Camp River Glen's parking lot was swallowed by the Santa Ana River. The top of a tractor poked out of mud.
Gigantic water tanks were crumbled up like tissue paper. Leaves, branches, trunks and downed electrical wires were everywhere.
A month ago, preteens and teens from working-class families across Southern California were hiking, sailing and fishing here — many for the first time in their lives. They spent the night in cabins with no doors or windows, the better to let nighttime mountain breezes and the gurgles of the river lull them to sleep.
On the night of Aug. 20, a week after the campers had left and volunteers had just closed up for the season, the river tore through the 11-acre campsite, owned by the nonprofit UCLA UniCamp
Tropical Storm Hilary engorged the waterway, usually just a dawdling stream during the summer, widening its banks from 15 to 100 feet.
Now, UniCamp Executive Director Jason Liou has to figure out whether the camp, which has hosted disadvantaged young people since the 1930s, will come back to this location next summer — or ever.
Storm damage is so bad in this part of the San Bernardino Mountains that Caltrans has closed Highway 38, which leads to Camp River Glen and goes on to Big Bear, for 9 1/2 miles in both directions through at least December for emergency repairs.
Southern California Edison spokesperson Gabriela Ornelas told me that the company doesn't have a timeline on when electricity might return to the area "because it's been difficult for us to get in safely."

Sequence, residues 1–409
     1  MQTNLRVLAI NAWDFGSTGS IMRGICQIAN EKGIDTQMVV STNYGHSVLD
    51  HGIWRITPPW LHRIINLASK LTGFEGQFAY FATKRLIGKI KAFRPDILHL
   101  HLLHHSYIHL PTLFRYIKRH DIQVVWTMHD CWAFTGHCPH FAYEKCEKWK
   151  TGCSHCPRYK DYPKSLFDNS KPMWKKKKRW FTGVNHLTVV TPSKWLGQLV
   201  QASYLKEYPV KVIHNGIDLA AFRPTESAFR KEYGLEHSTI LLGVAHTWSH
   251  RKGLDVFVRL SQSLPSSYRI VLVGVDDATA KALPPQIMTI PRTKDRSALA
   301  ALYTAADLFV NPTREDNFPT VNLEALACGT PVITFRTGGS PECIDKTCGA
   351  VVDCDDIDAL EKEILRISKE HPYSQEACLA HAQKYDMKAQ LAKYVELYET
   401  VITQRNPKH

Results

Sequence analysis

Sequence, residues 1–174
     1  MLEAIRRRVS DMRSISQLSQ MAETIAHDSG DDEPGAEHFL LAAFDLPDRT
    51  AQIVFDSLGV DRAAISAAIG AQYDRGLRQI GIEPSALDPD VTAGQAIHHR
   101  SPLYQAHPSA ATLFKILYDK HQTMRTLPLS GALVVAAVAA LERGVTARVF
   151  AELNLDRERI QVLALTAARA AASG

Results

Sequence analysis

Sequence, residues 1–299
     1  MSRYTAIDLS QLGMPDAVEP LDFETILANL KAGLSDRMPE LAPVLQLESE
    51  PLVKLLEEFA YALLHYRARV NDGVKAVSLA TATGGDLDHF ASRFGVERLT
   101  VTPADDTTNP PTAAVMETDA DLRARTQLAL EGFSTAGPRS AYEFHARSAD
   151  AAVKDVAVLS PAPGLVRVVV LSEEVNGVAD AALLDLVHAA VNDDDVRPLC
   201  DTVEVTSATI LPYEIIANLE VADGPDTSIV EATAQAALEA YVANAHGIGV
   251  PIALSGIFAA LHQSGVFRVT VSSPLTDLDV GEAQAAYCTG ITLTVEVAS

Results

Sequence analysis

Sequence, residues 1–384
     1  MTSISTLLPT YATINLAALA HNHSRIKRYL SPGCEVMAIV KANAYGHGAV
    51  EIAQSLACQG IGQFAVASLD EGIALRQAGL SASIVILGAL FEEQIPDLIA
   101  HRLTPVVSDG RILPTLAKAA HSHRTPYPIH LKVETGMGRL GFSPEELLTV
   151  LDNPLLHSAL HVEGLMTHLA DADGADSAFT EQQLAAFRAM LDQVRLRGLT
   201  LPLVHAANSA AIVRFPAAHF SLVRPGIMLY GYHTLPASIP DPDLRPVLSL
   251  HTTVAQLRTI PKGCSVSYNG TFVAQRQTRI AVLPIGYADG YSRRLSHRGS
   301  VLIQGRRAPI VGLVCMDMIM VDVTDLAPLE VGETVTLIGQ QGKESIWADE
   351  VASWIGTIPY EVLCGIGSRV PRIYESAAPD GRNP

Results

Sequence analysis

Vehicles can't enter Camp River Glen until the destroyed bridge that leads to it is repaired, which has to wait until the one heavy-duty road leading in is fixed. UniCamp owns all the buildings and infrastructure on its campgrounds, but the land is leased from the U.S. Forest Service, which must approve all improvements. Other agencies that Liou needs to get in contact with include the Department of Fish and Wildlife (in charge of anything having to do with the Santa Ana River) and San Bernardino County for repairs to county roads.
"There's going to be a lot of coordination [between agencies], and not just with that camp," said San Bernardino National Forest public affairs specialist Gus Bahena, who said the Forest Service is nowhere near done assessing Hilary's aftermath.
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